The other retired numbers are 4, for center fielder Zach Smithlin of nearby Fair Lawn, Bergen County, 2004-09, who holds the team records for games and hits; 14, for coach Ed Ott, 2007-present, whom you might remember platooning with Steve Nicosia as the catcher of the 1979 World Champion Pittsburgh Pirates; and 28, for pitcher Joel Bennett, 2001-07, holder of most of the team's pitching records.

Stuff. There are souvenir stands, but there is no team store, unless you want to count the Yogi Museum's gift shop. There are no books or videos about the team, but the Museum's gift shop has plenty about Yogi, the Yankees, and his era of baseball (running from his big-league debut in 1946 until his last coaching job with the Houston Astros in 1989).

During the Game. Safety will not be an issue. What is an issue is that, just a week before Opening Day, they have not yet released their promotional schedule.

The Jackals hold auditions for singing the National Anthem. Their mascot is Jack the Jackal. A jackal is similar to a coyote, a predator of small animals and a scavenger. Among its indigenous areas is the Middle East, and the Bible has many references to it, including calling it a "wild dog" and "doleful creatures." They are not well-liked in popular culture. Media figures, particularly scandalmongers, have been called "jackals," and notorious terrorist Ilyich Ramirez Sanchez became known as Carlos the Jackal. Jack the Jackal is considerably friendlier. Like many mascots, he wears Number 00.
After the Game. Considering the small crowds the Jackals usually get, getting out by car should not be a problem. Getting a bus back to Newark shouldn't be an issue. But if you came in by train, remember: Your train back will leave at 10:25 PM. If the game is still going on at 10:00, you may need to leave early.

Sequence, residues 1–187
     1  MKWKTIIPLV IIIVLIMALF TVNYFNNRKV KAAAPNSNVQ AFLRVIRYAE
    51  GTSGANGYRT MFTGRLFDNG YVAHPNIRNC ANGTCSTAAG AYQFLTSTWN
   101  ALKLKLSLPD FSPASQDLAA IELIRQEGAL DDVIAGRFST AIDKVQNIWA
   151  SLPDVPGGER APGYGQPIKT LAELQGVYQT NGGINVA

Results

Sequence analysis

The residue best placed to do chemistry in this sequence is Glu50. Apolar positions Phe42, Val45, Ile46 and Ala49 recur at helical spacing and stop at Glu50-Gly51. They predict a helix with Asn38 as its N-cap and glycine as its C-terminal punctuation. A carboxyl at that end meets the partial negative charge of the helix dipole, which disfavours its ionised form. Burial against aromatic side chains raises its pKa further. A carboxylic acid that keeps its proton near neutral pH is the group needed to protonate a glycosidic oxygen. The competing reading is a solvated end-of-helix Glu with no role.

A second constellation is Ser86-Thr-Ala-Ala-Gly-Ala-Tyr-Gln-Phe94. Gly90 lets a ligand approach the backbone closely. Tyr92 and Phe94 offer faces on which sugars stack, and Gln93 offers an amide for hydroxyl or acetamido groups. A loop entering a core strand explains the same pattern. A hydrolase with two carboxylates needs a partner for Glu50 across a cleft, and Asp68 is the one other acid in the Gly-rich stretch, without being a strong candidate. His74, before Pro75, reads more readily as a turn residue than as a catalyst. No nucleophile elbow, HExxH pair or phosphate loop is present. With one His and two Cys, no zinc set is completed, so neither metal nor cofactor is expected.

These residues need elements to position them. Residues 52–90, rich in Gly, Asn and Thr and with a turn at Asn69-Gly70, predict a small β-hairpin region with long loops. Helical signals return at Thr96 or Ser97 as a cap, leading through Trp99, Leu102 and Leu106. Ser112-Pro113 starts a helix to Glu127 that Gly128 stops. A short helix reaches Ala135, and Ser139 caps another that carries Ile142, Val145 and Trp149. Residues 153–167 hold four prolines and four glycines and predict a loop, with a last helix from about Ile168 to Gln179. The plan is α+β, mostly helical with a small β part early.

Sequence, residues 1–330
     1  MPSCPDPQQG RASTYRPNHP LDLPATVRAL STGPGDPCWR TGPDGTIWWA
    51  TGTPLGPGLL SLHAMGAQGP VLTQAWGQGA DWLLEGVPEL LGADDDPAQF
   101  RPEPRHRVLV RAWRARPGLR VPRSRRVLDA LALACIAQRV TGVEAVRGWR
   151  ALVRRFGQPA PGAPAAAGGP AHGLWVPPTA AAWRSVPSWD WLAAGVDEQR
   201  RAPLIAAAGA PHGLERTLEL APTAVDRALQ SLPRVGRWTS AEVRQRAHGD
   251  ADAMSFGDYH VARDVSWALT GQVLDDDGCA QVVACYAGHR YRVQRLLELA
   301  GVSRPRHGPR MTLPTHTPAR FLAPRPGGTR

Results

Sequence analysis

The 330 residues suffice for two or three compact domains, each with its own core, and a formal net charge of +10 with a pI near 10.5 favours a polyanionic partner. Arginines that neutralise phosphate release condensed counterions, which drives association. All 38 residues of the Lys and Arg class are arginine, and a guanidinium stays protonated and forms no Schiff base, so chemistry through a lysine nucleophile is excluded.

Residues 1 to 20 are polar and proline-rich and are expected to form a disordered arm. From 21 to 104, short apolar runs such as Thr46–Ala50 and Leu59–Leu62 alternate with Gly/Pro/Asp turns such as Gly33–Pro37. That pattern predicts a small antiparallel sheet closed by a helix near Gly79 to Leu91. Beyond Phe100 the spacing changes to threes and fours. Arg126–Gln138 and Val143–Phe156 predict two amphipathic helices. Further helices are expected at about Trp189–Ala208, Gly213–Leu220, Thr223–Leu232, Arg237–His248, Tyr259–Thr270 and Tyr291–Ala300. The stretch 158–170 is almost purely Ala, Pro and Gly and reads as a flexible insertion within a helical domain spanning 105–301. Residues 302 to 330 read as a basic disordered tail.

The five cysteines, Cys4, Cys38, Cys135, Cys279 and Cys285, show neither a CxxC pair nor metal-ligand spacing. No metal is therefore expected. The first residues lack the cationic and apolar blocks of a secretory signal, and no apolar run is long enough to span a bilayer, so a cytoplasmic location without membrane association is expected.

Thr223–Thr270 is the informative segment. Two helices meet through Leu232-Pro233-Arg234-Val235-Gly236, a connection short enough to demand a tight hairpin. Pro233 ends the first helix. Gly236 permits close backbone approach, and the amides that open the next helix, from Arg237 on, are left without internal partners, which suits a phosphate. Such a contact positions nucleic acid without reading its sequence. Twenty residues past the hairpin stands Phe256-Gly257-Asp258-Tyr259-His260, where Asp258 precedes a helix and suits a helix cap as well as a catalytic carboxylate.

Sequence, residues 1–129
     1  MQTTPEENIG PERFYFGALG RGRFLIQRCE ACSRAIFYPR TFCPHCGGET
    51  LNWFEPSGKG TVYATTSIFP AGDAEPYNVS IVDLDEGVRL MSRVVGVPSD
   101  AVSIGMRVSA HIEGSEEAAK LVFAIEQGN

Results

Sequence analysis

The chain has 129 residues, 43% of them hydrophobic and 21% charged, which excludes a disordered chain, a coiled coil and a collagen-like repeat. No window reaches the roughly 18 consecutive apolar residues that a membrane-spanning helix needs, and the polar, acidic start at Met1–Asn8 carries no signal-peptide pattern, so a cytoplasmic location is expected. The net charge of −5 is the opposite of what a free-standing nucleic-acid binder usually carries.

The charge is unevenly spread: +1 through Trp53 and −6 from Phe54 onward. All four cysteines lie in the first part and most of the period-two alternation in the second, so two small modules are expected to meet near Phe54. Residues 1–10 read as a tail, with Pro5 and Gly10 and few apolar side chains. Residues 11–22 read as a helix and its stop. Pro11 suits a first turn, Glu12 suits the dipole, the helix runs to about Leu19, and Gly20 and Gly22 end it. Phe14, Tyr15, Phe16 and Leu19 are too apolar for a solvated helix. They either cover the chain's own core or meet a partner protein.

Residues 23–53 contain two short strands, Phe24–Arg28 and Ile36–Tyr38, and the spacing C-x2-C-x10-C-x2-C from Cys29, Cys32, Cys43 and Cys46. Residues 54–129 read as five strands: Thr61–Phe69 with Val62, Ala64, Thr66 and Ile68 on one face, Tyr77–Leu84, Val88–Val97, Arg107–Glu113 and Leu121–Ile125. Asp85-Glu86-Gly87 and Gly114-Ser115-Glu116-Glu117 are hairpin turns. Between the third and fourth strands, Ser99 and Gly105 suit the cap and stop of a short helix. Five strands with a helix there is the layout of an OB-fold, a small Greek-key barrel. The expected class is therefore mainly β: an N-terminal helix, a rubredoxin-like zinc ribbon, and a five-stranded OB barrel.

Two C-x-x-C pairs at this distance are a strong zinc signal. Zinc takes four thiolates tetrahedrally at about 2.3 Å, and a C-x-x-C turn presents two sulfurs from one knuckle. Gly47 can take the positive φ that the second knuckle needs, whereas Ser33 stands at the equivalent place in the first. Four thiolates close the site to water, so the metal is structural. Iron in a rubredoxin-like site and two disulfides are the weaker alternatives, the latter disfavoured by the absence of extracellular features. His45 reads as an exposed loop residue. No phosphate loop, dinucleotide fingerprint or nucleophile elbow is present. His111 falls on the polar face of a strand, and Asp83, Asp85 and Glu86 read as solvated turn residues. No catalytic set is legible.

The MSU campus probably won't have any eateries open after the game. This is also likely to be true for downtown Montclair. The good news is, there are plenty of places to eat within a 5-minute drive of the stadium. The bad news is, they're all on U.S. Route 46.

Sidelights. There aren't many, aside from the Yogi Museum. Downtown Montclair has many old buildings that they call "historic sites," but they're mostly about people you wouldn't know about unless you were a native.

The ballpark is 10 miles from the Meadowlands, 11 miles from the Prudential Center, 16 miles from Madison Square Garden, 20 miles from Yankee Stadium, 22 miles from the Barclays Center, 26 miles from Citi Field, and 37 miles from Rutgers Stadium. In sports fandom in Montclair, as in most of the New York Tri-State Area, the Yankees easily have the edge over Mets, and the Giants have it over the Jets. This being New Jersey, the Devils have it over the Rangers. However, the Nets never really caught on in New Jersey, and, as a result, the 2nd-most popular NBA team in North Jersey, after the Knicks, isn't the Nets, it's the Los Angeles Lakers.


The Jackals aren't quite New Jersey's most successful current minor-league team -- the Somerset Patriots have won more Pennants -- but, now that the new Newark Bears are gone, they are the one closest to New York City. They are worth a visit, even if your main objective is the Yogi Berra Museum, rather than Yogi Berra Stadium.